Dynamic, innovative, fully-integrated and multi-media—that’s the goal of a new organization to be formed out of an integration of Mennonite Publishing Network (MPN), the publishing ministry of Mennonite Church USA and Mennonite Church Canada, and Third Way Media, a department of Mennonite Mission Network.
The integration of the two organizations was approved on September 23 by the boards of MPN and Mission Network, meeting in Pittsburgh, Pa. The approval is subject to the affirmation of Mennonite Church Canada, part-owner of MPN, and the ratification of Mennonite Church USA Executive Board.
Mennonite Church Canada’s General Board and Formation Council will discuss the integration proposal later this fall. The Mennonite Church USA Executive Board affirmed the general direction of the proposed integration plan at its meetings in Pittsburgh.
The MPN and Mission Network boards also approved the creation of a reference group, made up of members of the MPN and Mission Network boards, to help shepherd the integration process.
In approving the integration, the two boards noted that the integration of MPN, which is based in Scottdale, Pa., and Waterloo, Ont., and Third Way Media, based in Harrisonburg, Va., will be beneficial for the church.
“We believe that this integration is in the best interest of the church,” says MPN Board Chair Phil Bontrager. “Both organizations are focused on serving the needs of the church, and extending its witness to the world.”
Adds Stanley Green, Executive Director/CEO of Mission Network: “We’re excited to be seeing the creation of a new high-quality, multi-media organization that can continue to provide resources for the church, and reach out to new audiences in new ways.”
The integration plan, co-authored by business consultant Allon Lefever and Duane Stoltzfus, who teaches media and communications at Goshen College, calls for a new name for the organization, and for the consolidation of as many operations as possible into one primary location to help improve efficiency and sustainability. The plan recommends that this location be in Harrisonburg, Va., with an on-site CEO.
While excited by the possibilities presented by the integration of the two organizations, MPN Executive Director Ron Rempel recognizes that “these changes will not be without some pain due to relocation and consolidation.”
But, he goes on to say, “we believe it is essential for the long term sustainability, and to enable us to better serve the church.”
Interim Third Way Co-director Sheri Hartzler agrees, adding that “working together will bring financial stability and, at the same time, reach a wider audience with the good news of the Gospel . . . this is an exciting time in the history of Third Way Media.”
The integration, she adds, “has the potential for increasing resources for the church, and being a powerful witness to our society.”
On the financial side, the integration will help both organizations work towards sustainability through cost savings, new products and services, and new marketing initiatives.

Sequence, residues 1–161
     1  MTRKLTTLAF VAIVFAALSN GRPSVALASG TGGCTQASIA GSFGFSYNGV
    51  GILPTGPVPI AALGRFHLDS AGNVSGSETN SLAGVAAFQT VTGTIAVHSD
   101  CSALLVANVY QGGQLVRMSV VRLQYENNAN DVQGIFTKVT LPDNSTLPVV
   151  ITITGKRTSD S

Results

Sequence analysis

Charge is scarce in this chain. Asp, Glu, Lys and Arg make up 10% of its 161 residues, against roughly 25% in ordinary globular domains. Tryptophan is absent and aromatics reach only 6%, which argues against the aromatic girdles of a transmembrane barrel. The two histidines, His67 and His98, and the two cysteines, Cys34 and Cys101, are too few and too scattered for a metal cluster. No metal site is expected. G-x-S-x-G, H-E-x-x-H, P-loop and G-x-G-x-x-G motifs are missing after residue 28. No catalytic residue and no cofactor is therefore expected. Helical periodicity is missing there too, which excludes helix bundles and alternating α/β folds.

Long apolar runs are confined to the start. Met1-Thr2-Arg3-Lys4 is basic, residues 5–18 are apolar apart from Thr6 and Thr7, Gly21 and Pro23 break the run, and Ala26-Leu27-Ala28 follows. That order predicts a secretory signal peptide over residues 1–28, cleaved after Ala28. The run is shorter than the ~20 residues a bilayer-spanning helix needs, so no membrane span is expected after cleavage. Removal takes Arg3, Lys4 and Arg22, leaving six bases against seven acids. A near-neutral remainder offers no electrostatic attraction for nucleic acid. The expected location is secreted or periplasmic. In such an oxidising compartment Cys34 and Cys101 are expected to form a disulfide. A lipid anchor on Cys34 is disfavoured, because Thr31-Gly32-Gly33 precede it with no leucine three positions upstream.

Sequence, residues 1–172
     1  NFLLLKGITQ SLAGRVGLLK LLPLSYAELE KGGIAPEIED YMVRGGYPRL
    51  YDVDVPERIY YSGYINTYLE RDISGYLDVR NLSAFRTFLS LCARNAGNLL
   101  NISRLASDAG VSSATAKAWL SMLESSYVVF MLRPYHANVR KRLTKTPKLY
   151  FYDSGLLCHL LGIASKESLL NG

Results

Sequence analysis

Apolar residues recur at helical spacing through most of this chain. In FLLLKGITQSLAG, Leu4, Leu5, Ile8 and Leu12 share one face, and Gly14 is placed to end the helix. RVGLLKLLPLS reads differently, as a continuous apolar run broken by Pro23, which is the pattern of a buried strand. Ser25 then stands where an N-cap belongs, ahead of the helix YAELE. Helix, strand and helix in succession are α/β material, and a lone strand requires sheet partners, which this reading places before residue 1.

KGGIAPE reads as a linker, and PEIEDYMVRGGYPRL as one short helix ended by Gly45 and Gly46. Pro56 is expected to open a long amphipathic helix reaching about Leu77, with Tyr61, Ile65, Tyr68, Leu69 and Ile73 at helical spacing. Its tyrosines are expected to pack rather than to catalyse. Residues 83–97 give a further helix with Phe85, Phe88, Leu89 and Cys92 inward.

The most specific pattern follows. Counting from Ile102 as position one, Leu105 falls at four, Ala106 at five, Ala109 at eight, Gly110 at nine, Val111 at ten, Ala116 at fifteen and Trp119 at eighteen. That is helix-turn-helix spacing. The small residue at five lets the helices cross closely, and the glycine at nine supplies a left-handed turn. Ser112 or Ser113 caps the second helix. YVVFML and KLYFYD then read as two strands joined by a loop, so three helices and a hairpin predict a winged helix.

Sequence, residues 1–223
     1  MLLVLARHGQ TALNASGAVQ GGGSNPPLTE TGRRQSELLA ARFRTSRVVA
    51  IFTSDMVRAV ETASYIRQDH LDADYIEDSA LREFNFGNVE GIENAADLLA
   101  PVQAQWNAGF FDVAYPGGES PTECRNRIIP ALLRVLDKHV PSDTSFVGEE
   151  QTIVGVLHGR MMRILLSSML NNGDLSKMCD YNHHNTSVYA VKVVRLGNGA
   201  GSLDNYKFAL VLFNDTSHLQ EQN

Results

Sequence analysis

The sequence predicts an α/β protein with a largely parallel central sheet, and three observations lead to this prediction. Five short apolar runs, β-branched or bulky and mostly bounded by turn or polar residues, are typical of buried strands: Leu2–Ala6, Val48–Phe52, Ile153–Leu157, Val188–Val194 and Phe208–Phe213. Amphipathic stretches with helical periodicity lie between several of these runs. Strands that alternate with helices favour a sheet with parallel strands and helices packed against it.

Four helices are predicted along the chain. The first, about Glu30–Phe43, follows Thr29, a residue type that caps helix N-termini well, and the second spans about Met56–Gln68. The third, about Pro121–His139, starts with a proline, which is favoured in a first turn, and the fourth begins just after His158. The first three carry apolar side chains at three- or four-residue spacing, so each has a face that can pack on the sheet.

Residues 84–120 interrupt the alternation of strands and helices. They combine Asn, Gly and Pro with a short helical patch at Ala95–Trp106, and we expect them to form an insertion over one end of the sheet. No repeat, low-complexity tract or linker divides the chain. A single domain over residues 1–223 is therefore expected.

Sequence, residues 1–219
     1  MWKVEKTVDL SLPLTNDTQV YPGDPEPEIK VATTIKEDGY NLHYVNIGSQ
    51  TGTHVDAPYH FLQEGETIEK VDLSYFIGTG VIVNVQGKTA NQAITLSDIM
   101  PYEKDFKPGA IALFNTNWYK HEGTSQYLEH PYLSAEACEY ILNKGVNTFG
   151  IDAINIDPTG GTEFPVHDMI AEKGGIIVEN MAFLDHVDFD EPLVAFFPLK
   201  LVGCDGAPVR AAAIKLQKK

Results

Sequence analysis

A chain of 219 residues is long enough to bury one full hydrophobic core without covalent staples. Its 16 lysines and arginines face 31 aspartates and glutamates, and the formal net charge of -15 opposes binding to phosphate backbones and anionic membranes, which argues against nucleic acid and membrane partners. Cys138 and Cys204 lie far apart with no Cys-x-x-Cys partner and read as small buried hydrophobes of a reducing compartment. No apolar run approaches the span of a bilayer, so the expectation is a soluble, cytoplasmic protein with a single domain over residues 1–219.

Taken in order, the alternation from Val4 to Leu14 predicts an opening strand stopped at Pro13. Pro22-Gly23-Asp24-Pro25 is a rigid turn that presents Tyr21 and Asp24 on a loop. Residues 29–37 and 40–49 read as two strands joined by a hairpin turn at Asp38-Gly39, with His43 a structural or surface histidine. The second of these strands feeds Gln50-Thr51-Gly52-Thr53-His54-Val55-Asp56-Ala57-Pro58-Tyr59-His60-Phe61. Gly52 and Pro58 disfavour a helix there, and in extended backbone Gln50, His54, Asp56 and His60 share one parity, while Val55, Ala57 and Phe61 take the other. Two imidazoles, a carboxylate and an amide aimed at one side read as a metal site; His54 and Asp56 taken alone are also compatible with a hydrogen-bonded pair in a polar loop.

In the current fiscal year, MPN expects revenues of about $3.2 million from the sale of books, curriculum and other items, while Third Way Media expects just over $532,000, from grants, donations and sales.
Since Third Way Media has been a department of Mission Network for more than 50 years, the Mission Network has pledged financial support and services for the new organization to facilitate the integration, especially during the first five years.
The new organization will relate to both Mennonite Church USA and Mennonite Church Canada, and will retain a presence in Canada. It will also continue to offer products and services through existing brands such as Herald Press, Faith & Life Resources and Third Way.
For Lefever, the integration is an exciting opportunity to bring together the strengths of the two organizations in the areas of publishing, video, radio and the Internet.
“Each organization possesses an excellent reputation and a valuable endowment of quality content, primarily in the form of print and electronic media,” says Lefever, adding that it will bring together “skilled personnel who will be able to leverage expertise in print and online publishing, and in video, radio and Web production.”
The integration will also result in “significant synergy from this combined talent, along with delivery across a multitude of media channels,” adds Stoltzfus, noting that it will enable the new organization to “appeal to wider audiences, making it the media company of choice for creative Anabaptists.”
Dreams for the new organization include becoming a clearing house and center of Anabaptist content; working with communication and creative writing departments at Mennonite colleges and universities; partnering with other denominations looking to use media; and fostering new creative talent.
“The possibilities are many,” says Stoltzfus. “The key is bringing together a highly talented group of creative persons who can stay abreast of these opportunities—people who can create products and services to meet a future in the world of media that is, in many ways, still yet undefined.”
Adds Lefever: “I believe these two organizations can be successfully transformed into a combined and sustainable entity, and that they can use various media to equip the church to engage the world from an Anabaptist perspective, invite other Christians to consider Anabaptist-Christian perspectives, and invite individuals to consider Jesus.”